The 2006 Subaru Outback is a wagon with no equal when it comes to off-road capability and, with a powerful engine lineup and sharp reflexes on pavement, you'll find it fun to drive even when the weather isn't terrible. A small backseat will keep it from competing with larger-capacity SUVs, but for the family of four looking for stylish transportation for all seasons, it could be a perfect fit.
2006 Subaru Outback models
The Subaru Outback is available as a wagon or sedan. Wagons come in 2.5i, 2.5 XT, 3.0 R, 3.0 R L.L. Bean and 3.0 R VDC Limited. Limited Packages are available on 2.5i and 2.5 XT models. The sedan comes in a single L.L. Bean trim. The 2.5i models include 16-inch alloy wheels, air conditioning, a CD player, a power driver seat, cruise control, trip computer and a rear limited-slip differential. Opt for the Limited package and you'll get heated leather seats, a wiper de-icer, a CD changer, dual-zone automatic climate control and dual moonroofs. Upgrade to the 2.5 XT and you get 17-inch wheels, bigger brakes, sport seats and a Momo steering wheel; order the Limited Package to get leather upholstery and the moonroofs. The base 3.0 R model is equipped much like the XT, while other 3.0s come with a full load of luxury amenities, plus a tire-pressure monitor, steering wheel audio controls and mahogany trim. The L.L. Bean model offers perforated leather upholstery, while the VDC wagon is your ticket to stability control and an upgraded stereo. A navigation system is also standard on the VDC; it's optional on the XT and L.L. Bean.
Performance & mpg
The 2.5i model is powered by a 2.5-liter horizontally opposed four-cylinder engine that makes 175 horsepower. The 2.5 XT upgrades to a 2.5-liter turbocharged engine with 250 hp and 250 lb-ft of torque. The 3.0 models come with a 3.0-liter horizontally opposed six-cylinder (H6) good for 250 hp and 219 lb-ft of torque. Either 2.5-liter engine can be equipped with a five-speed manual transmission. A four-speed automatic is available on 2.5i models while 2.5 XT models get a five-speed auto. The H6 is only available with the five-speed automatic.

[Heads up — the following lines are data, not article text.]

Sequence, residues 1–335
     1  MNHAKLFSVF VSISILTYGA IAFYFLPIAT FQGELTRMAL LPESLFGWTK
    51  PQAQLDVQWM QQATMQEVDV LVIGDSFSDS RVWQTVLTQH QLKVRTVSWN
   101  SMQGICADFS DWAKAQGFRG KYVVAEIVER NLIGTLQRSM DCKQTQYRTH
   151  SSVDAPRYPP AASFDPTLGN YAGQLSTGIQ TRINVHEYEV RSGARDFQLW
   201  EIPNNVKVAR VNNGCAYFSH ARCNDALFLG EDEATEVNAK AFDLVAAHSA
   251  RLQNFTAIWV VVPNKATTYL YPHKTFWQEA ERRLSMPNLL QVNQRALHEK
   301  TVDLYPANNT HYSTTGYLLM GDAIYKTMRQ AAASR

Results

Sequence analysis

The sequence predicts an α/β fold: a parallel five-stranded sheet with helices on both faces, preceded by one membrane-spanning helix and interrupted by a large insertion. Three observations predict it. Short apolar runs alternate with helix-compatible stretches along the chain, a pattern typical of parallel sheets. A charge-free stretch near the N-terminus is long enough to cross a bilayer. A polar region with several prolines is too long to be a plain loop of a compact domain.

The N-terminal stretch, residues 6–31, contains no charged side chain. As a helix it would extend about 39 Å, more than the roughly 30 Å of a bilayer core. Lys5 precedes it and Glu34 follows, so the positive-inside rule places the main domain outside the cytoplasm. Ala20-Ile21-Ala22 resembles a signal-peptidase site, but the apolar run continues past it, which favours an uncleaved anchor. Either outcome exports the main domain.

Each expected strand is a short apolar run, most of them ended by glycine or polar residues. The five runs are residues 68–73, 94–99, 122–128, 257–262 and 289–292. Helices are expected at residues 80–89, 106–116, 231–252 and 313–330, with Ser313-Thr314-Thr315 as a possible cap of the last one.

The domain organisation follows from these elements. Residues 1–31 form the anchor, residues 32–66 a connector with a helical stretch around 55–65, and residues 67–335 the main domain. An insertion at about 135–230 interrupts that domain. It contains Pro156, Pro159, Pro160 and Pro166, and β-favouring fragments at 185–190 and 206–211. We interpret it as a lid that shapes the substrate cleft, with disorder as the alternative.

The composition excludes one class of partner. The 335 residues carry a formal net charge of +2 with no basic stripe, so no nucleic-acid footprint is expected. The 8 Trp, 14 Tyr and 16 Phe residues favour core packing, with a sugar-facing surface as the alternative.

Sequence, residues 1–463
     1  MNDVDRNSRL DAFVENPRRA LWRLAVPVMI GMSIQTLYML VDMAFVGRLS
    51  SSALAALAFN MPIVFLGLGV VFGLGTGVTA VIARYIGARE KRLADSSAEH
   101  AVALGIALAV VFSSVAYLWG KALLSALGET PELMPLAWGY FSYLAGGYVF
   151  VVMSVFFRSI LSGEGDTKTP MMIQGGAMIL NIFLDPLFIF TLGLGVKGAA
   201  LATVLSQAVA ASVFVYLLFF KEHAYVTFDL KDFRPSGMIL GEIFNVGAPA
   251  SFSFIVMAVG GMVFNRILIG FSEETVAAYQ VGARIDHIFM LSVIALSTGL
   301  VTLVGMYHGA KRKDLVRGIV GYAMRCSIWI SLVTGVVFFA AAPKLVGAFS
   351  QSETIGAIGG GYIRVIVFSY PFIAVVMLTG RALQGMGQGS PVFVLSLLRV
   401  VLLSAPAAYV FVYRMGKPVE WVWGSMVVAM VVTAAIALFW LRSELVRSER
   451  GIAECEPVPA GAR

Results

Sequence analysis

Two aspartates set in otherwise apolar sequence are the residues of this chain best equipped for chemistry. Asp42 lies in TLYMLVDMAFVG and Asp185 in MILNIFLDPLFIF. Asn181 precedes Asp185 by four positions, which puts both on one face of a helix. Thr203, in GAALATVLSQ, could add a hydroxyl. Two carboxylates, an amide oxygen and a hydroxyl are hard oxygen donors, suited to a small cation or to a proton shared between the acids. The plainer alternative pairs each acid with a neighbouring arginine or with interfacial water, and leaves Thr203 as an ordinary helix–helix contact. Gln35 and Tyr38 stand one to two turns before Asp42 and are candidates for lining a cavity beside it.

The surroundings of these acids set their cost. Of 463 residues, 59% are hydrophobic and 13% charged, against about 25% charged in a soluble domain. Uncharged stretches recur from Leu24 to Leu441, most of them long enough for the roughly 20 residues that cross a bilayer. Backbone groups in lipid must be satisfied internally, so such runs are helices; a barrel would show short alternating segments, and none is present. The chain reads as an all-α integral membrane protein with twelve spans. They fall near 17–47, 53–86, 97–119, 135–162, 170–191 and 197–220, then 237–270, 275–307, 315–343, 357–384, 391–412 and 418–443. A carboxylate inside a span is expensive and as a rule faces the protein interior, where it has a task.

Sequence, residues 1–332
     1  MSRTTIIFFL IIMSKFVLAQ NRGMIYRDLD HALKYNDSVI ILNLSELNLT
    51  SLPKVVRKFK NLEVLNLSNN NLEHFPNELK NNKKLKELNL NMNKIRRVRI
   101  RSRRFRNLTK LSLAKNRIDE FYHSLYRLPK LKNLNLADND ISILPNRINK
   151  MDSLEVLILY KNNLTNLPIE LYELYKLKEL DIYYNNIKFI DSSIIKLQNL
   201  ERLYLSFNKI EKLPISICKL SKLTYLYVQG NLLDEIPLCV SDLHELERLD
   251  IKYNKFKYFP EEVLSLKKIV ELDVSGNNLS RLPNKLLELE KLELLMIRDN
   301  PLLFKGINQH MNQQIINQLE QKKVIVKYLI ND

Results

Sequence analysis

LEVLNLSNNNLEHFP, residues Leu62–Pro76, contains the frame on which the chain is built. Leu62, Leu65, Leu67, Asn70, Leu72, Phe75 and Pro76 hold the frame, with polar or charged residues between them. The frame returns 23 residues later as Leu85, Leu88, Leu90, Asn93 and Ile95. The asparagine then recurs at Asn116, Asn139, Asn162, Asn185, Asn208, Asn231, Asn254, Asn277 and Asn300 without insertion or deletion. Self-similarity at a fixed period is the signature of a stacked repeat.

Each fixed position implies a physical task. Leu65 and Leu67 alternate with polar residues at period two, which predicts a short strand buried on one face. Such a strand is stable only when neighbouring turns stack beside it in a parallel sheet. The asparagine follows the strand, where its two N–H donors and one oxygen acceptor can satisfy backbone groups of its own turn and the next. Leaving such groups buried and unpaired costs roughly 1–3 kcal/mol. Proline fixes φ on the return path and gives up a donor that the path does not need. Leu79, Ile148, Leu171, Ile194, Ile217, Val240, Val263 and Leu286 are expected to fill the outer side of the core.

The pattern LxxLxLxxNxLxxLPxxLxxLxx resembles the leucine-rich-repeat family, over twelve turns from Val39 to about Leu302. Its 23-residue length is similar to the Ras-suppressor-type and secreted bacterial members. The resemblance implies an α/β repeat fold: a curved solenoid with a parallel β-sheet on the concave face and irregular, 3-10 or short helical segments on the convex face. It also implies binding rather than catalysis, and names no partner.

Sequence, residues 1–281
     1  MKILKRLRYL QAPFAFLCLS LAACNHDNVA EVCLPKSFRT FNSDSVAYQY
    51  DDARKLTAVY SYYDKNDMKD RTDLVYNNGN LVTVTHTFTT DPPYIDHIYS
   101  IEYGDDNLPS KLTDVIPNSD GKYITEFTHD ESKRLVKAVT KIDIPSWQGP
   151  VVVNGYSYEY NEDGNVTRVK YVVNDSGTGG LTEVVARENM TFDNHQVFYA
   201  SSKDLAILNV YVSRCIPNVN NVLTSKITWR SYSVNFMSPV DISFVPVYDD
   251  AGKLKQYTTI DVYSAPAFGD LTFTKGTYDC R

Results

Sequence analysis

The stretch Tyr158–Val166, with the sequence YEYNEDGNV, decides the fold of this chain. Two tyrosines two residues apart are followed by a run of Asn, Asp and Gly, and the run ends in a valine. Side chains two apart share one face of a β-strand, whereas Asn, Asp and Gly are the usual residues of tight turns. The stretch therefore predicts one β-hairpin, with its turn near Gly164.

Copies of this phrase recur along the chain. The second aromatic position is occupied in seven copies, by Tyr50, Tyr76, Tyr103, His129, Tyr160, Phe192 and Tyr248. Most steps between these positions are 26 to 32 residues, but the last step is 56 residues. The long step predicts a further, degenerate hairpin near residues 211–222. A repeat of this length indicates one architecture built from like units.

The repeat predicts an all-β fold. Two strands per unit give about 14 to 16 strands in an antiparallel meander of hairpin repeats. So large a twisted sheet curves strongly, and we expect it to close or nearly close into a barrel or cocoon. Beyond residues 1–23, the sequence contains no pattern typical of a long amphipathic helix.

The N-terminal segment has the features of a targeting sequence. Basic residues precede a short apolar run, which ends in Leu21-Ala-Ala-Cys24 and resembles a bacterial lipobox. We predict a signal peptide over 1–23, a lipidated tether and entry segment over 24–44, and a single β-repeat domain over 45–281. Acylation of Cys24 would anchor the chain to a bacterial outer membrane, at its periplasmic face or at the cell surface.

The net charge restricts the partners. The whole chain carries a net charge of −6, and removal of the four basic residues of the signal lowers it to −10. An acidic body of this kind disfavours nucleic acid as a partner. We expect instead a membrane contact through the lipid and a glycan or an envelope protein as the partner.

All Outback models have four-wheel antilock disc brakes with EBD, front-seat side-impact airbags, full-length side curtain airbags and active head restraints. Stability control is reserved for the top-line 3.0 R VDC Limited wagon.
Out on the road, the 2006 Subaru Outback rides smoothly and feels surefooted in the corners. Taken off-road, it can scamper up a rutted hillside with more gusto than just about any crossover SUV. Although the base engine provides only adequate power, acceleration is quick with either the turbo four or the H6. Unfortunately, the Outback's automatic transmissions still leave much to be desired, as they sap power by upshifting too early.
Inside, the Subaru Outback has a clean design with high-quality materials. Turbo models have darker interiors with metallic trim and electroluminescent gauges, while 3.0 models get matte-finish wood grain trim on the console that matches the real mahogany trim on the steering wheel. The seats are supportive, but the backseat is a bit tight for adults. Wagons provide 33.5 cubic feet of capacity behind their rear seats; 66 cubes with the seats folded.